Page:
One of the most important coping mechanisms that all human beings possess is to create elaborate stories about life events. These stories often run in the background of your unconscious mind and significantly impact the way you see yourself and the world around you.

In the TED* (*The Empowerment Dynamic) ™ framework, we call these stories your Drama Stories. The drama stories, when active, keep you living in the past, pre-occupied with your interpretations of prior events.

The stories may not have happened just as you remember. It is possible to update drama stories as Donna did in the personal story she shares below. She learned it is never too late to have a happy childhood!

I (Donna) can laugh now about a childhood story that ran my life for decades. Here’s the event—-and the story about that event—-that I told myself:

I was 5 years old and the carnival had just come to our small town.  This once-a-year event was the most exciting day of the year for me. I was dressed and ready to go when my parents suddenly got very angry at me for some unknown reason and wouldn’t let me go to the carnival. All these years I held a story that my parents misunderstood me and unfairly punished me. I created a story that if I expressed my emotions, the things I want in life will be taken away from me.

A few years ago when visiting my parents, I asked them if they remember the time they wouldn’t wouldn’t let me go to the carnival.

I said, “Mom, Dad, do you remember when I was really young and you wouldn’t let me go to the carnival?” Mom immediately said, “I sure do. For some unknown reason you suddenly threw a fit and declared you were not going to go to the carnival. We pleaded with you and couldn’t figure out what made you so mad.”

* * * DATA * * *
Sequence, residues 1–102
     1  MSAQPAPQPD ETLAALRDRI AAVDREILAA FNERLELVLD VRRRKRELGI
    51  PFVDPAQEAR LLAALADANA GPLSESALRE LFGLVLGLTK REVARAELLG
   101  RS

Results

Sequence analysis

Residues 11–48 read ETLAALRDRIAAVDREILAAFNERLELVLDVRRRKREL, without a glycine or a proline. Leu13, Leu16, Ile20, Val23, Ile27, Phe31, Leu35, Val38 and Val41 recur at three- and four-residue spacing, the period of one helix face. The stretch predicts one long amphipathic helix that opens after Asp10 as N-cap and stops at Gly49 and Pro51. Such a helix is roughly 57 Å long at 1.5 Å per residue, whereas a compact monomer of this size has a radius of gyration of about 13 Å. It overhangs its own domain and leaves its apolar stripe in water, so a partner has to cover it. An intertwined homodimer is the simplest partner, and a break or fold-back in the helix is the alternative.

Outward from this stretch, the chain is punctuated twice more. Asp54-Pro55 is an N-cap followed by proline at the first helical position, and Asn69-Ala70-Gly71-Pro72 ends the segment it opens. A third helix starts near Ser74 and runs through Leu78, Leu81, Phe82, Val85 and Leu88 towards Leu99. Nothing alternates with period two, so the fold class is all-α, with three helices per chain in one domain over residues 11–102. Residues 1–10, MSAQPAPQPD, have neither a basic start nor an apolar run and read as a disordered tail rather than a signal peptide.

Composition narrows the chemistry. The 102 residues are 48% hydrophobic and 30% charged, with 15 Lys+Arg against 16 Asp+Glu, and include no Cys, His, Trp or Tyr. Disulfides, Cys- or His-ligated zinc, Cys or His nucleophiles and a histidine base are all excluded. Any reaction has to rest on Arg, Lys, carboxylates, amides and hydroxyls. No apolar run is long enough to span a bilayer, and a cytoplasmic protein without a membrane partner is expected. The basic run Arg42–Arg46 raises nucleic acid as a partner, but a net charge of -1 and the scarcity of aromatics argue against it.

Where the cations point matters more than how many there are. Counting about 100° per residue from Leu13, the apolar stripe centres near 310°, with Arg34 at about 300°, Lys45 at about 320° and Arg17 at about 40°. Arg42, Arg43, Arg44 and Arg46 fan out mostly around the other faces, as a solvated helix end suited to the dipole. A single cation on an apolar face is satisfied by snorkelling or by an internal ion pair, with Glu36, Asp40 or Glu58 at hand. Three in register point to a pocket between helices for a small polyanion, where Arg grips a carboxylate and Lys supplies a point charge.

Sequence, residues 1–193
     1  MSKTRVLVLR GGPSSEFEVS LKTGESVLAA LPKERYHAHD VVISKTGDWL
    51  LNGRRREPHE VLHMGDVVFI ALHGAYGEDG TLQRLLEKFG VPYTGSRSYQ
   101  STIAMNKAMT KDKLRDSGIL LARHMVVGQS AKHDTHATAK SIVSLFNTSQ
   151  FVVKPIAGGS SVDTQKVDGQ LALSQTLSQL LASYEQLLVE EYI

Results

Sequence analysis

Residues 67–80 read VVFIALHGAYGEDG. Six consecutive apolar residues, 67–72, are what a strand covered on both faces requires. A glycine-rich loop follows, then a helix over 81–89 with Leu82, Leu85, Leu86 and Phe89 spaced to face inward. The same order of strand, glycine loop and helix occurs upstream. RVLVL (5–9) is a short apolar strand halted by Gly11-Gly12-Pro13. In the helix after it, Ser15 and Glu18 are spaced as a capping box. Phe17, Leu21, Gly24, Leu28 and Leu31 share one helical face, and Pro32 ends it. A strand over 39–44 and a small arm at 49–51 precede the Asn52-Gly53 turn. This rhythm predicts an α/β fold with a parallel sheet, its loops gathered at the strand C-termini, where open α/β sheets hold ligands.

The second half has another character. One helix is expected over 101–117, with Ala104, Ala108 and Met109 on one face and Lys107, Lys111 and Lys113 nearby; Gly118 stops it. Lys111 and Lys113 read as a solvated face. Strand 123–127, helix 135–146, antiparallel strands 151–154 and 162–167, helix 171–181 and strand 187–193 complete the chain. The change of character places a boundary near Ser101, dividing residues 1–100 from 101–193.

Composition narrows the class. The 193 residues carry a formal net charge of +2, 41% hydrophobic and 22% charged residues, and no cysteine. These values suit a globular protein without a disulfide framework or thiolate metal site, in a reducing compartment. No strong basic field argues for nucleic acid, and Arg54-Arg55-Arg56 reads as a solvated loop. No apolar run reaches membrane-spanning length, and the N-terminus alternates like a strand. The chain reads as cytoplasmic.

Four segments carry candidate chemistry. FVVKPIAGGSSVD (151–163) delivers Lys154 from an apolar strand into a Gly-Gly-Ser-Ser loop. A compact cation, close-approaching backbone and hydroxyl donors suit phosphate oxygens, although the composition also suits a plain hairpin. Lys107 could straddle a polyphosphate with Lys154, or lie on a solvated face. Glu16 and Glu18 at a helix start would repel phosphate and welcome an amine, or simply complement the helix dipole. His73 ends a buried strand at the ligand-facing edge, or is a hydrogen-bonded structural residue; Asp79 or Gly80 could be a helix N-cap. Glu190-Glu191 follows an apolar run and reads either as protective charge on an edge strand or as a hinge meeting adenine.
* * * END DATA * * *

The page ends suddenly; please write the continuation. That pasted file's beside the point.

My mom continued. “Because you insisted on not going to the carnival, Dad had to stay home with you and it interrupted our family plans.”

I was stunned. I sat there with my mouth gaping open. I had totally made up a story and held it as “true”!

I was lucky that my kind parents were still alive when I was ready to let go of feeling victimized by this story. Mom’s firsthand information allowed me to become a Creator of my future, unencumbered by the past.

Like many people, Donna carried childhood stories that limited her self-image and what was possible. Her story kept her stuck in a past that didn’t happened—it only happened in her little girl’s mind.

Your childhood memories may be painful, but they don’t have to rule your life (even if you do remember them exactly as they happened).

  • Recall now one of your childhood drama stories.
  • How can you re-frame what you know about your childhood to create a happier or more empowered story?
  • What are you willing to let go of so the new TED* story can emerge?

As you let go of old stories that may have been running your life, feel the new sense of freedom and ease, as Donna did, and allow the empowered adult that wants to emerge in you, blossom.

It is never too late to have a happy childhood and choose to be the Creator of your own life!

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